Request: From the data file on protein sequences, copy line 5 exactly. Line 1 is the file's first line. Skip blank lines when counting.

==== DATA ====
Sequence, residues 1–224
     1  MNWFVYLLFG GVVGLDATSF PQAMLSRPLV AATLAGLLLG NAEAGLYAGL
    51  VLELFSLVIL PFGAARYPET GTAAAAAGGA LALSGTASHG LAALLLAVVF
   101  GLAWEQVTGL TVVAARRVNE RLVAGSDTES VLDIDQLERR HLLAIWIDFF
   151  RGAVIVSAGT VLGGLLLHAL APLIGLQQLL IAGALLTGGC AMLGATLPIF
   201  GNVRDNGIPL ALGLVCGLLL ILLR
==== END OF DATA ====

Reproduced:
   151  RGAVIVSAGT VLGGLLLHAL APLIGLQQLL IAGALLTGGC AMLGATLPIF